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  • Writer's pictureTrish Uniac

something to hang onto

These are the worst days for us. The ones when we tell a parent that they are going home without their child.

They're the worst because we know how hard it is for our patient. When all they want is for us to tell them it's just a nightmare, that they will wake up at any moment, that this isn't real, but we have to keep them grounded in their new reality.

Grief is a complicated, horrible thing. In the first days, it can feel like things will never be ok again, that no one will ever understand how awful this is, that we won't be able to get through this.

Comfort kits are a tangible way to send grieving parents home with something to hang onto. They provide a reminder of their child.

Because their child existed and exists. Their child deserves to be remembered and honoured. We need these parents to know that their grief is seen and that care.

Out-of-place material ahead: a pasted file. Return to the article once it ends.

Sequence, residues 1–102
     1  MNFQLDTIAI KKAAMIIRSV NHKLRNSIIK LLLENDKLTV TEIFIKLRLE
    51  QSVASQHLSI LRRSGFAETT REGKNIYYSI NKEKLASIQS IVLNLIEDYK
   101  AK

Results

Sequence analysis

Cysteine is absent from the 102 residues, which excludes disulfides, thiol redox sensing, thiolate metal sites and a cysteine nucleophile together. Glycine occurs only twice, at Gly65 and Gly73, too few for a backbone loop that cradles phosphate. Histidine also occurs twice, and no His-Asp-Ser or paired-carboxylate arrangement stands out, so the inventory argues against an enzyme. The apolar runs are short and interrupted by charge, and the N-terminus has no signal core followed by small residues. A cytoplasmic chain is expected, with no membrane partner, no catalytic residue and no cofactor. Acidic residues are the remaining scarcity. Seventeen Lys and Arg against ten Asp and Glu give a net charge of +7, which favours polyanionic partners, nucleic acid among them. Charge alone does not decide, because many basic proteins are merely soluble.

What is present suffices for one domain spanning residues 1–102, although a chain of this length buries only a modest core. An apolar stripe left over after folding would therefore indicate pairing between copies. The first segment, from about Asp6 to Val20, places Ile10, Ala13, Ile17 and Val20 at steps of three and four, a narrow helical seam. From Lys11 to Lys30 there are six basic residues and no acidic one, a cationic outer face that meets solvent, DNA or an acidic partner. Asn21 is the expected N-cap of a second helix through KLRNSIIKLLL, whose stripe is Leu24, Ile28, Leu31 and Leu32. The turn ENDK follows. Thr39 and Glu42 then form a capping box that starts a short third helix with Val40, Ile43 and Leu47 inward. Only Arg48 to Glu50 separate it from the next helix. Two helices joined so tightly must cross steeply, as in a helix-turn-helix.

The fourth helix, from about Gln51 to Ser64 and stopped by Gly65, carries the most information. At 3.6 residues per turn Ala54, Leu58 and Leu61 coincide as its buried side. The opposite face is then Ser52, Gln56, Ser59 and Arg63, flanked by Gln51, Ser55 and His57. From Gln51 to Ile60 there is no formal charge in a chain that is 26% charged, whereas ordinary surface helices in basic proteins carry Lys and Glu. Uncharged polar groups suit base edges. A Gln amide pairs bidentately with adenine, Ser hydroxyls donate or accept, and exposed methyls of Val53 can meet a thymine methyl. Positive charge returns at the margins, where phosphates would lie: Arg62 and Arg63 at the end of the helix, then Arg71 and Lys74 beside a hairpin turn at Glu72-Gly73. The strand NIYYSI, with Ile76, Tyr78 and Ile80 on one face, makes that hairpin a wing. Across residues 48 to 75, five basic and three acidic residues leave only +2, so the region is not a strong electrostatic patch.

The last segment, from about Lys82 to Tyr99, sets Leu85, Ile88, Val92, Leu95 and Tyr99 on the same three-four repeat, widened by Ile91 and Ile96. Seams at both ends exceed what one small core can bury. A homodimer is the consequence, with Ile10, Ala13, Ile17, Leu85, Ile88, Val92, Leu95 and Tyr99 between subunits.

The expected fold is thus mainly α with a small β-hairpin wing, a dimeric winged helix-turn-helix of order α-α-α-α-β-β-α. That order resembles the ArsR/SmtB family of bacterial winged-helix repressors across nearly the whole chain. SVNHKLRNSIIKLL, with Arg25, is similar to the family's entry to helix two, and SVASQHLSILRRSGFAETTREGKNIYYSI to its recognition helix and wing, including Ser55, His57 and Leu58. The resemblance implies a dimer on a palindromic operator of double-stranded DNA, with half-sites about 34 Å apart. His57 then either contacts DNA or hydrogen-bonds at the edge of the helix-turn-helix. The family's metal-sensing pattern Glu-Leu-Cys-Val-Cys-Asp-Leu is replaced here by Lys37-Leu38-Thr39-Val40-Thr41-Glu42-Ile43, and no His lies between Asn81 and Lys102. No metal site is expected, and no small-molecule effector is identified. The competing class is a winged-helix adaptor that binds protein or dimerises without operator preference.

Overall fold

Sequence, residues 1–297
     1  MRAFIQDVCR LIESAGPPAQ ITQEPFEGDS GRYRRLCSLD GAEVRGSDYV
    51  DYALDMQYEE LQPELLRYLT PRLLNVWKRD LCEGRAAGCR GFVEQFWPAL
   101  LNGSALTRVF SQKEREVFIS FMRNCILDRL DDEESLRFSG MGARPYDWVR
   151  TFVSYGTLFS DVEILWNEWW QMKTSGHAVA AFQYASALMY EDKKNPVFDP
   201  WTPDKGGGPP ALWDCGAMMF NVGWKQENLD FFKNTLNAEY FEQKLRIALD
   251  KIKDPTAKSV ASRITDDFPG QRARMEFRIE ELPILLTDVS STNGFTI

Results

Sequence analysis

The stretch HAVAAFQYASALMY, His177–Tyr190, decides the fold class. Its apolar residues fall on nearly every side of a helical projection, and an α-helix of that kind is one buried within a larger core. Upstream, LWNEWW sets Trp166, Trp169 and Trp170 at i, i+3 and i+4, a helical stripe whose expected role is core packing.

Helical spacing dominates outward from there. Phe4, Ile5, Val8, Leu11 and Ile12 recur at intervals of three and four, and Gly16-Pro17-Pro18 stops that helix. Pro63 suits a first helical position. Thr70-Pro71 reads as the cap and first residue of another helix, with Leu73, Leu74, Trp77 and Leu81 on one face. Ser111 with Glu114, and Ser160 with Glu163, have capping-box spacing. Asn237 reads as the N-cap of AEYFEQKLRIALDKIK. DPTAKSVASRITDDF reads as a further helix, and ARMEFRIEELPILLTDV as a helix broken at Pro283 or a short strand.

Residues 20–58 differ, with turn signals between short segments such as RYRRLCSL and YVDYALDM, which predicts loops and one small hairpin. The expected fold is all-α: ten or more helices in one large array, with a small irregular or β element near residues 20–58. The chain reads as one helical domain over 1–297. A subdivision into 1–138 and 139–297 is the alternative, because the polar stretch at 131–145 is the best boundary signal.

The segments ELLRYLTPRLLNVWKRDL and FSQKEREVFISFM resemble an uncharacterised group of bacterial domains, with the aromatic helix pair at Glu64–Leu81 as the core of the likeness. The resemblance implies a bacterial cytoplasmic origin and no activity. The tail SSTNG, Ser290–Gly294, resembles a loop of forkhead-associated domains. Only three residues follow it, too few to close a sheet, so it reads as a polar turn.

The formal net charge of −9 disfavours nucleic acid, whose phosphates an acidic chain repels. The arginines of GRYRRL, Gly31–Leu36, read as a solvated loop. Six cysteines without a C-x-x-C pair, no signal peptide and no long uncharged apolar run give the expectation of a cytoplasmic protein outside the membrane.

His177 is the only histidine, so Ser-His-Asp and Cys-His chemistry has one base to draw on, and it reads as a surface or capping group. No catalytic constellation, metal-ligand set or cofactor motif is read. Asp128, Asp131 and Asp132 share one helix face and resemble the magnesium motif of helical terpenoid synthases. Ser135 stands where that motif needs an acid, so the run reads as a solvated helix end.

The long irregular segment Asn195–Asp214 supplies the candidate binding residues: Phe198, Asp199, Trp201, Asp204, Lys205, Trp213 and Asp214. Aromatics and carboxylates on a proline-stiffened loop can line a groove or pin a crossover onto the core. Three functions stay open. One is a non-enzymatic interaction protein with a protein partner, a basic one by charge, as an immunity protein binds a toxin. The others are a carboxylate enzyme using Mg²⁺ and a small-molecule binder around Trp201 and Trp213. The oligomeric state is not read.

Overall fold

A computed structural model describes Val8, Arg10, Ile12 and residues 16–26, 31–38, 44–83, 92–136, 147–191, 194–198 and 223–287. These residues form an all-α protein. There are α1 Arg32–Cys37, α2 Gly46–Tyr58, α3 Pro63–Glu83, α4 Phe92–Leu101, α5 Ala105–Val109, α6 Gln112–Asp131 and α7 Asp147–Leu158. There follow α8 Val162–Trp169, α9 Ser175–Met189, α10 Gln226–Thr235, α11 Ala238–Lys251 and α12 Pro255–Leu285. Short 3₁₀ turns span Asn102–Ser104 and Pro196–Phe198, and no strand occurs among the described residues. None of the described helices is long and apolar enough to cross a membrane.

I carry every child that has been lost by my patients with me. It makes me feel helpless some days, that I can't ease the parents' pain, because that's why I became a doctor. To help people. Medical school can't prepare you for the devastation of pregnancy and infant loss.

The only ones that I trust to teach me about this are those who have gone through it. My sister and brother in law have experienced this loss and allowed me to walk beside them through it. I wasn't able to fix it, or heal them, but I could bear witness to their grief and heart ache. They didn't have a comfort kit when Bridget died. They figured it out on their own with the supports they already had around them.

Now they want to ensure that other parents don't have to navigate this without help. Please consider making a donation to help purchase more comfort kits for the parents who go home with empty arms.

(cross posted to

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